All News

Reconstructing the New World Monkey Family Tree
Friday, January 3, 2014

When monkeys landed in South America 37 or more million years ago, the long-isolated continent already teemed with a menagerie of 30-foot snakes, giant armadillos and strange, hoofed mammals. Over time, the monkeys forged their own niches across the New World, evolved new forms and spread as far... Read full article »
Lauren Gonzales (PhD candidate) – Rio Santa Cruz, Patagonia, Argentina
Sunday, December 1, 2013

PhD candidate Lauren Gonzales pictured in Patagonia, Argentina in 2013. She was there for fossil prospecting in Miocene-aged deposits along the Rio Santa Cruz. Gonzales studies the role of evolution in sensory anatomy in the major adaptive radiations of primates. Her fieldwork in Argentina is... Read full article »
Charles Nunn: The Big Picture on Human Health and Disease
Monday, October 21, 2013

It's pretty hard to pin down Charlie Nunn when you ask him to describe his science. He calls himself a behavioral ecologist, but get him wound up and he starts to sound like an epidemiologist or a primatologist. He joins Duke this term as a professor of both evolutionary anthropology and global... Read full article »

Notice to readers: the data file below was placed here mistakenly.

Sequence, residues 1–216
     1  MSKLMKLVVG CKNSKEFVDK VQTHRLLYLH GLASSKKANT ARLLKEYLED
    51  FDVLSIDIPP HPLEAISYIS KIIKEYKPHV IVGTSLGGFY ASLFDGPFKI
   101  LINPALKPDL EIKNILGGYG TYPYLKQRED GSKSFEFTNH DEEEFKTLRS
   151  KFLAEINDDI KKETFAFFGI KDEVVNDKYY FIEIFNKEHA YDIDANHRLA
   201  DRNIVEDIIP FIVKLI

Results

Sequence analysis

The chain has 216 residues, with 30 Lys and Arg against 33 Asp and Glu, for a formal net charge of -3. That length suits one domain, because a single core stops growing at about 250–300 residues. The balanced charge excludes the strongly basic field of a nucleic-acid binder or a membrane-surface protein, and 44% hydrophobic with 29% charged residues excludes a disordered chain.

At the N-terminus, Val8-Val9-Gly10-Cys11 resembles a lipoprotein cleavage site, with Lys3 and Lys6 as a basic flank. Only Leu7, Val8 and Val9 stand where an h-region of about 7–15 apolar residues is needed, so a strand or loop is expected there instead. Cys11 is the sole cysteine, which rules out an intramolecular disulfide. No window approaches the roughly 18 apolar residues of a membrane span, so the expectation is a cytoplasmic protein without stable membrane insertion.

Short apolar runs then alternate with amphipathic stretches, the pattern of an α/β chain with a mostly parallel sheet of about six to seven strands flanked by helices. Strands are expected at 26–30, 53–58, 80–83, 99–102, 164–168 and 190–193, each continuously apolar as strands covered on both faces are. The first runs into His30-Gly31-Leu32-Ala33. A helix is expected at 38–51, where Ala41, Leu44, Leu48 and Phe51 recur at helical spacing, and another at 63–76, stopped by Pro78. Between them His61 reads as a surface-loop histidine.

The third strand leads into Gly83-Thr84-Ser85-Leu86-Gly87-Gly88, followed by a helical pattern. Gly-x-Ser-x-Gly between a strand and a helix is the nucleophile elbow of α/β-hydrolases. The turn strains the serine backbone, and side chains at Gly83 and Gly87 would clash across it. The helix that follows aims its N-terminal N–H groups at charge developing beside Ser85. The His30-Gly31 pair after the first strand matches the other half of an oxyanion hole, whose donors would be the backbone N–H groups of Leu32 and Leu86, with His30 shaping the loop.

Sheila Patek: Research With a Powerful Punch
Friday, October 4, 2013

The last time Sheila Patek was at Duke, she was riding a unicycle across a parking lot to fulfill the infamous "circus trick" requirement for Steve Nowicki's Ph.D. students. Now 12 years later, she's back and heading up her own lab, where she studies the ocean-dwelling crustaceans, including one... Read full article »
Joseph Feldblum (Ph.D. candidate) in Gombe National Park, Tanzania
Tuesday, October 1, 2013

Joseph Feldblum (Ph.D. candidate: foreground) learning the ways of the forest during his first field season studying chimpanzees in Gombe National Park, Tanzania.
Emily Boehm (Ph.D. candidate) in Gombe National Park, Tanzania
Friday, July 12, 2013

In Gombe National Park, Tanzania, Ph.D. candidate Emily Boehm (foreground) observes Bahati--a pregnant female chimpanzee who is also displaying an estrous swelling. Boehm's dissertation probes the adaptive value of these deceptive sexual signals.